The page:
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BULAUWA : Local Traditional Songs Bringing Girls to School

State and Development Partners

Madhya Pradesh

Piramal Foundation

Problem

Girl child education has increasingly gained the attention it needed and policymakers are takinp active measures to address the tender pap in school enrolment. However, traditional thinking and cultural practices still remain huge barriers. Administrative efforts can only po so far. Parents and communities need to be invested in sending their girls and boys to school and provide the required social support to pursue education.

Conventional Solution

Enrolment drives across districts have employed door-to-door campaigning, mass media advertising, and street theatre to spread awareness on the importance of education for all children, especially pirls. Bringing and keeping girls in schools has also received much policy thrust but the shocking fact is that 40% pirls in India have never gone to school as per National Commission for Protection of Child Rights 2018 Report.

Behavioural Insights Based Solution

Tribal communities are steeped in local tradition which binds them and gives them their identity. Leveraging the local cultural practice of Bulauwa and bridging it with the educational ecosystem helped make a meaningful connection with local women in the Lateri block of Madhya Pradesh and enhanced the enrolment of girls in schools in the district. The programme was later carried forward in the entire district. Bulauwa literally means ‘to call’. It is a cultural programme where women of the community come together to celebrate by singing and dancing. Organising Bulauwa in schools helped to connect mothers with their children's education. These women-only groups helped the mothers feel comfortable and the idea of using folk songs to deliver the message of the importance of education, especially for the girl child, resonated with them. This connection is at the community level, which also helps the messages seep through and more likely pushes the women to take action as they also get inspired by each other.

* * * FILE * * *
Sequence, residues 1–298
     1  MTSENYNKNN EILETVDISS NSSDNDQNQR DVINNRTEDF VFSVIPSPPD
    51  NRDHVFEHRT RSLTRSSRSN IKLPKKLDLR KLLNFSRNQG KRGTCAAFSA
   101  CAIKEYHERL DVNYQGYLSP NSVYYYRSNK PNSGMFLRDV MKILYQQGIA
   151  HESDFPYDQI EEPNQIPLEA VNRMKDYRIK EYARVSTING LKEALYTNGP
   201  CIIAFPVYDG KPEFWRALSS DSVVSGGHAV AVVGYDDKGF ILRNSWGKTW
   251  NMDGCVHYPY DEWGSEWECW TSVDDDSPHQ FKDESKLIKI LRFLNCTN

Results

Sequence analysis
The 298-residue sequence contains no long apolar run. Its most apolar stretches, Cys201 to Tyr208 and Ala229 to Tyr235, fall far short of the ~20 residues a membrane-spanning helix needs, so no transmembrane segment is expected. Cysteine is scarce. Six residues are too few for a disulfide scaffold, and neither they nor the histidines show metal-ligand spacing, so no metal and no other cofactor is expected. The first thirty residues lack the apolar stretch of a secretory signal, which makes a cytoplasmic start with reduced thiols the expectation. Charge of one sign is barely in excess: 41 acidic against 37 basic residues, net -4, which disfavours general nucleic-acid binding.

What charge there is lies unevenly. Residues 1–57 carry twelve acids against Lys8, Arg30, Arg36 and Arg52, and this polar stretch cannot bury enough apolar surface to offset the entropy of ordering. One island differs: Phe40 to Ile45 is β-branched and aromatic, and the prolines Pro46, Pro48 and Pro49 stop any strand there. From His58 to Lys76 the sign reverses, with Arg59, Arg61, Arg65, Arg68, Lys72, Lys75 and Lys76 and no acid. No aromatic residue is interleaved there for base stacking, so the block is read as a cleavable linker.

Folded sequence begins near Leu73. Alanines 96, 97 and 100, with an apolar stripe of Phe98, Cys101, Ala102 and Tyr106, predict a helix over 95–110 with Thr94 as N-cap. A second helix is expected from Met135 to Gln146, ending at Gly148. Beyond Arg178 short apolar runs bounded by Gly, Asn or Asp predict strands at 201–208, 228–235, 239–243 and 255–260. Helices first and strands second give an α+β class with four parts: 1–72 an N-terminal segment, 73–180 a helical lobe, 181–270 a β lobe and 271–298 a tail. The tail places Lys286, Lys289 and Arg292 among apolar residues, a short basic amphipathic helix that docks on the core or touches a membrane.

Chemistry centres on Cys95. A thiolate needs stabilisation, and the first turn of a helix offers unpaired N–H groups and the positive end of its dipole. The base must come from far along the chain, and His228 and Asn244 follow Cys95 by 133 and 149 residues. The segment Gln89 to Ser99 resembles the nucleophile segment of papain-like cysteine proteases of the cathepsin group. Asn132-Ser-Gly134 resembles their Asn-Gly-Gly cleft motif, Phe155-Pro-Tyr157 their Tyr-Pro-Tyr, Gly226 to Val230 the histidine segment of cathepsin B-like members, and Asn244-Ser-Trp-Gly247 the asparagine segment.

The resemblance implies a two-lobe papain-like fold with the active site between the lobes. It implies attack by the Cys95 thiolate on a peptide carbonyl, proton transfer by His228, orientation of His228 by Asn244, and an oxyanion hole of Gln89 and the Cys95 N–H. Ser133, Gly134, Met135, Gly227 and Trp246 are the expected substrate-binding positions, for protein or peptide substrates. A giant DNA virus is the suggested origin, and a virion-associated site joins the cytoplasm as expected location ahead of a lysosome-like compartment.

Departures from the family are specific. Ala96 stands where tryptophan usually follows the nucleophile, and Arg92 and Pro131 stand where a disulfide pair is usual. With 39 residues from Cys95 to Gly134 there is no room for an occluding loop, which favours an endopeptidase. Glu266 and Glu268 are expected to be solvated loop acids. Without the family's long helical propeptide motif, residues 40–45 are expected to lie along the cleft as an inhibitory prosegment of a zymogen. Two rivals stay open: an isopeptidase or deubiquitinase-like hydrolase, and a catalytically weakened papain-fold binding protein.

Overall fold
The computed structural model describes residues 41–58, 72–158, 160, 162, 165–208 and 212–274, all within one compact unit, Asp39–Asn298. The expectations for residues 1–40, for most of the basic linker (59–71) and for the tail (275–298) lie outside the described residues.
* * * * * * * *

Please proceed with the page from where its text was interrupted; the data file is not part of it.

Impact

The programme played an important role in changing the environment in the district. Till now, 800 schools have executed the Bulauwa programme. Close to 45,000 women have participated in the programme and discussed their child's education, and about 2100 girls have been re-enrolled in schools

"When sir told us, through Bulauwa, that we should let our daughters study, we decided to allow them go out and study" - Sangetta Panti, mother of a school going child in Lateri Block

Source : Stories of Change from India's Aspirational districts - NITI Aayog publication



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